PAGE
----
Pueblo County OKs marijuana sales, shutdown stories and more 


Pueblo County OKs marijuana

Last week, Pueblo County joined a handful of other government entities statewide when its commissioners unanimously passed regulations controlling and allowing for the sale of recreational marijuana in unincorporated areas.

According to the Pueblo Chieftain, commissioners capped the number of possible stores at 10, which includes the six medical-marijuana dispensaries currently operating and the four others currently in the application phase. The county also plans to institute a schedule that could charge businesses as much as $35,000 to be licensed, with indoor marijuana grows drawing fees of 50 cents per square foot.

Still, local entrepreneurs were pleased.

"I think commissioners Sal Pace, Buffie McFadyen and Terry Hart have done a great job listening to the community and the voters by implementing these regulations," the paper quoted center owner Hank Borunda as saying.

Stores cannot sell to the public until Jan. 1, 2014. Meanwhile, the board will consider zoning issues for the industry at its meeting Monday, Oct. 21. — BC

Food bank doing fine for now

You may have heard that the federal shutdown has kept the poor from getting food stamps. But Shannon Coker, spokesperson for Care and Share Food Bank for Southern Colorado, notes that Coloradans did receive October benefits. And while many federal workers aren't being paid, she said she's yet to see a big influx of hungry people seeking groceries.

"If this [shutdown] continues on from what it's been now ... we'll likely see an increase," she said.

Care and Share CEO Lynne Telford says she's surprised that she hasn't seen more need, since Colorado Springs has been trumpeted as the U.S. city most affected by the shutdown. She says she's heard that some other food banks across the country have seen upticks.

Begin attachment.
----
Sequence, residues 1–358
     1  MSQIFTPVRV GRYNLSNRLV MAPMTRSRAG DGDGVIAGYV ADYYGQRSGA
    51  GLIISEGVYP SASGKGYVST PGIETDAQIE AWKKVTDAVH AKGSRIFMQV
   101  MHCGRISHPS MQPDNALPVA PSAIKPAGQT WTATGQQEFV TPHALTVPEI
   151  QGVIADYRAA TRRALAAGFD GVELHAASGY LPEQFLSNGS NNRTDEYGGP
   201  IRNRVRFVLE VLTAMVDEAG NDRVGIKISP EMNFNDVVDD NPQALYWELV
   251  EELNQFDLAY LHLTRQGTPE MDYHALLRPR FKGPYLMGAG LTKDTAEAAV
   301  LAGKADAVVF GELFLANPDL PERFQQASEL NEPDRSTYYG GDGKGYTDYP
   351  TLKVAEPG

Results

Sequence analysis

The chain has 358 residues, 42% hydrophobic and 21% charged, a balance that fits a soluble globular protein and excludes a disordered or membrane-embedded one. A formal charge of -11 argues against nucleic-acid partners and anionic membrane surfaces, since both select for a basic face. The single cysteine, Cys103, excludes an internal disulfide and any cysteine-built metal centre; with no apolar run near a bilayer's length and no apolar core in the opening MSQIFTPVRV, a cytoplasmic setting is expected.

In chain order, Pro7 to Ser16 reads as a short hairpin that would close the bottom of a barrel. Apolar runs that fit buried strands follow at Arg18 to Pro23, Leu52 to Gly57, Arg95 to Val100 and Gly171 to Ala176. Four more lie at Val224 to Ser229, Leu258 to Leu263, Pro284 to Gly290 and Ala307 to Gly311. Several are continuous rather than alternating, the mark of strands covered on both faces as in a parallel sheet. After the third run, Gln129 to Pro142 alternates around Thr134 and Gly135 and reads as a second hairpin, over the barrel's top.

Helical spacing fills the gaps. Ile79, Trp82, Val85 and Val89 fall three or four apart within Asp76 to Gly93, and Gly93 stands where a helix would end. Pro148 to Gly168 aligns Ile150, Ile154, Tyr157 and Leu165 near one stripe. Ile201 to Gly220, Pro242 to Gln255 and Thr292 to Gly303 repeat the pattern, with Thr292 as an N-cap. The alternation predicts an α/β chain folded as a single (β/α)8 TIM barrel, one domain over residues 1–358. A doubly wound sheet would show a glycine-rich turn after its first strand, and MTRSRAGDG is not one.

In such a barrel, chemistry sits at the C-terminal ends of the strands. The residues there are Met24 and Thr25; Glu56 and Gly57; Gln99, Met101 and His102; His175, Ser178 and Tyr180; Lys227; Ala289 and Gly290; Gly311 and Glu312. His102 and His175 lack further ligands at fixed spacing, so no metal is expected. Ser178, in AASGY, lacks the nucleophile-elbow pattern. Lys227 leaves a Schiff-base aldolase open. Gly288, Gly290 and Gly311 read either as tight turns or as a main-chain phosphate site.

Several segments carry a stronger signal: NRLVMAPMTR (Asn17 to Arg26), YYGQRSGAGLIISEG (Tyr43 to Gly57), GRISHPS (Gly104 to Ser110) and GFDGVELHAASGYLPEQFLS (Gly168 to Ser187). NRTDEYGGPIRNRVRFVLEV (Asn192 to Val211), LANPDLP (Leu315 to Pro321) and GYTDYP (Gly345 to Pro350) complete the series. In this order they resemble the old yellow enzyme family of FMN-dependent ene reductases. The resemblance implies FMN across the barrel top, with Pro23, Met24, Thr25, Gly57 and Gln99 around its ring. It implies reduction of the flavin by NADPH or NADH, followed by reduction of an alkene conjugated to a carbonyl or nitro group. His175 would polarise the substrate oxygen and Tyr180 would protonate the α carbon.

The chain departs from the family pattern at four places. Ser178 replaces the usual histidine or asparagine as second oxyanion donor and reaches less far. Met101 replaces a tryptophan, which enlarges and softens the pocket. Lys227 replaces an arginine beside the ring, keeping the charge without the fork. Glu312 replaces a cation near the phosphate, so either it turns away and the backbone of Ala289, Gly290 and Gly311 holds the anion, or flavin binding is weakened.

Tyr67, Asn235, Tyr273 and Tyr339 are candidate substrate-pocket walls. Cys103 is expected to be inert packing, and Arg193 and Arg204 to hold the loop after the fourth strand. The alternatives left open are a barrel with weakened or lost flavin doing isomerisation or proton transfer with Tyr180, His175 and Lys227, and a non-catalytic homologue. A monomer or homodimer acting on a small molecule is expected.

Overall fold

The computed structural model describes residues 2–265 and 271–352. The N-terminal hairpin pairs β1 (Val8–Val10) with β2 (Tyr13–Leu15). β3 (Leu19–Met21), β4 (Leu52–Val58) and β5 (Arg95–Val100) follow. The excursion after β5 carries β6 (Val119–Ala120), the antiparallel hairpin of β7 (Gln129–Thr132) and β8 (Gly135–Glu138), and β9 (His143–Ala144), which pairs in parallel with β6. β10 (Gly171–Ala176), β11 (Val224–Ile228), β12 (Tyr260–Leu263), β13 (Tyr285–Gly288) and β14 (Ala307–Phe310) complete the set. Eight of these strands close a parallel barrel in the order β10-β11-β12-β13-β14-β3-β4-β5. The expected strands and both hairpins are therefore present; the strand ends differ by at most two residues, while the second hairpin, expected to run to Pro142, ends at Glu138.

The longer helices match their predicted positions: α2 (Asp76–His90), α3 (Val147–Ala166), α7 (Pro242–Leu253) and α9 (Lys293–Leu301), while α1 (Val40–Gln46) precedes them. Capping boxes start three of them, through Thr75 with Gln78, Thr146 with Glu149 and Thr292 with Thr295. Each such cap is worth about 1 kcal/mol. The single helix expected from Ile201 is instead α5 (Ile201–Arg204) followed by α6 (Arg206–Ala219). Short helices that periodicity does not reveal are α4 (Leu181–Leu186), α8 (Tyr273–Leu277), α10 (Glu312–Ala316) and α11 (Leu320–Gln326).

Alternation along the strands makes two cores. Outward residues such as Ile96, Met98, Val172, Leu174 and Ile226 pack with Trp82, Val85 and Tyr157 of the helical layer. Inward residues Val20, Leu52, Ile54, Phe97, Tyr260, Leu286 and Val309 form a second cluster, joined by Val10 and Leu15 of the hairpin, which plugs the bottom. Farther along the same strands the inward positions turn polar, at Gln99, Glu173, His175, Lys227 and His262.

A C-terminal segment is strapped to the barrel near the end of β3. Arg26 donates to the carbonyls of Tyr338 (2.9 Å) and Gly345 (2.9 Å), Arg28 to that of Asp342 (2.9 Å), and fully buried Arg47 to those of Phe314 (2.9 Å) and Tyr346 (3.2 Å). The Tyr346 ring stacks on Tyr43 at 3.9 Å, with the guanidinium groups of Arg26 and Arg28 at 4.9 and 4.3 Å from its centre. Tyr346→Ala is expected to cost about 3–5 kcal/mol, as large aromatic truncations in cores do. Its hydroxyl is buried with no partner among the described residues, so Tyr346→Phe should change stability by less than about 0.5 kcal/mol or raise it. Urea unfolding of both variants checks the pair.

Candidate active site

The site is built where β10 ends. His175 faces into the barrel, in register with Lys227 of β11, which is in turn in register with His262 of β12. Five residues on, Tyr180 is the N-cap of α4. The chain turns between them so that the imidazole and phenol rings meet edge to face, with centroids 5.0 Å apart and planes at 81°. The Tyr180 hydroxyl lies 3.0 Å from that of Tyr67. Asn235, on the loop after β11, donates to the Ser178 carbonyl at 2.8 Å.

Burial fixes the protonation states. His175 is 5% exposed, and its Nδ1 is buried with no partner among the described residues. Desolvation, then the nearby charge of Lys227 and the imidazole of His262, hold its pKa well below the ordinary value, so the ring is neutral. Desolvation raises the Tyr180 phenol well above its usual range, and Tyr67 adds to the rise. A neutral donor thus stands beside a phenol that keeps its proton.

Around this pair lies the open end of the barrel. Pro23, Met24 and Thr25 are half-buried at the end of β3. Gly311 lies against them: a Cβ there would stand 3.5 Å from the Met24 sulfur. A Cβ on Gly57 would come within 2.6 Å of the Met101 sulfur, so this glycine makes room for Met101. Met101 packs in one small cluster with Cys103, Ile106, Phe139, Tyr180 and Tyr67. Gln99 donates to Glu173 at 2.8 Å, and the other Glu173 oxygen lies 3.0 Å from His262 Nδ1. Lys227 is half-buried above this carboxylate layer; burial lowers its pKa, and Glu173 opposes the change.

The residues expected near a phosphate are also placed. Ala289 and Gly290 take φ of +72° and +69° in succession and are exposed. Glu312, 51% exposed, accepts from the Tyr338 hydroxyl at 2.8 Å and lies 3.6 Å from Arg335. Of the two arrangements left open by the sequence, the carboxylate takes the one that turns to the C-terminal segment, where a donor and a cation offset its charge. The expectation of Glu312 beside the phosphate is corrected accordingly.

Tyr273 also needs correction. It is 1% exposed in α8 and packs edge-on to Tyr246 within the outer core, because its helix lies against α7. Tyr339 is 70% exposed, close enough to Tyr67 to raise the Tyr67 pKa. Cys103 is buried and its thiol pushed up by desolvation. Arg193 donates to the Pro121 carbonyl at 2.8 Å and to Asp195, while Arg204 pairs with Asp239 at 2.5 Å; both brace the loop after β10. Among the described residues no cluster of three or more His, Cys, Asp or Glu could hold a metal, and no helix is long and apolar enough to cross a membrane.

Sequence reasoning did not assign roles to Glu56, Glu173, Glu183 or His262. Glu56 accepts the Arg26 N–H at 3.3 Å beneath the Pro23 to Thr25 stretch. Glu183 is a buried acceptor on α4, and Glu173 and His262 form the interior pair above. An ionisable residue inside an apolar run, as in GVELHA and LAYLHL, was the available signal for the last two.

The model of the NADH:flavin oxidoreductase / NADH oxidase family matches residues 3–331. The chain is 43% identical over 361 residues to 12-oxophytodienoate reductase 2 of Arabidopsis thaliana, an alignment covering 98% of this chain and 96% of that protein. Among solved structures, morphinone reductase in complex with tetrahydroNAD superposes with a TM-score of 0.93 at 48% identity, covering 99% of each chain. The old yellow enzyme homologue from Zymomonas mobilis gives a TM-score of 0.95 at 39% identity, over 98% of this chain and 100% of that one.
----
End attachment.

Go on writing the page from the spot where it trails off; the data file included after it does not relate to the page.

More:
That it hasn't happened in Care and Share's service area so far is great news, she says, because, "We don't meet all the needs of the people who need food already, so there's not much we can do."

She adds that if the shutdown does bring increased need, Care and Share will ask the community for emergency help to ensure no one goes hungry. — JAS

Cancer study opens locally

The American Cancer Society's Cancer Prevention Study-3 (CPS-3) will be enrolling Colorado Springs residents at various locations through Friday, Oct. 18. Eligible participants are between the ages of 30 and 65 and have no personal history of cancer. The study will follow 300,000 individuals over 20 to 30 years.

"When we go into these studies, we're not going in to look for one particular thing," says Deanna Cordo, staff lead for CPS-3 enrollment in Colorado Springs. "We want to get a wide base and demographic of folks to figure out why some are diagnosed with cancer and some are not."

CPS-3 is the third major, longitudinal study done by the American Cancer Society. "The first cancer-related study found the link between tobacco and cancer, and the second found the link between obesity and cancer," explains Cordo. "The questions participants will be answering are based on their lifestyles and how active they are in their day-to-day world."

See cps3SoCo.org to make an appointment at one of four local sites. — GR

Stephens seeks Senate seat

Controversial former Colorado House Majority Leader Amy Stephens, a Republican, has announced plans to challenge incumbent Democrat Mark Udall for a U.S. Senate seat.

Stephens made her biggest waves after suffering backlash from her own party for supporting the state's health insurance exchange, created in response to the passage of the Affordable Care Act. Now in her seventh year at the state house, Stephens has most recently been in the news for her bipartisan work on legislation to halt elder abuse.

Stephens joins state Sens. Randy Baumgardner of Hot Sulphur Springs and Owen Hill of Colorado Springs, as well as Weld County District Attorney Ken Buck, in seeking the Republican nomination. — JAS

Dems name new leaders

Colorado Democrats may still be stinging from the recall of their last Senate president, John Morse, but they're still in charge. And the Colorado Senate has announced that Sen. Morgan Carroll will serve as president-elect, with Sen. Rollie Heath as Majority Leader.

"Our priority is to ensure that people have good-paying jobs, access to affordable, quality education, and all of the assistance needed to rebuild from floods and wildfires," states Carroll in a press release.

Republicans blasted the move, calling Carroll and Heath "extreme." — JAS

Gazette's building for sale

Hopefully, for Freedom Communications, you're in the market for 6.65 acres of parking lots, green space, and empty buildings featuring aged printing infrastructure. That's what will be left of the Gazette's former home on South Prospect Street after its new owner, Clarity Media Group — which did not buy the land or structures when it bought the newspaper last November — moves the operation downtown in December.

Now, $2.6 million gets you whatever's left, reported the Gazette last Friday. — BC


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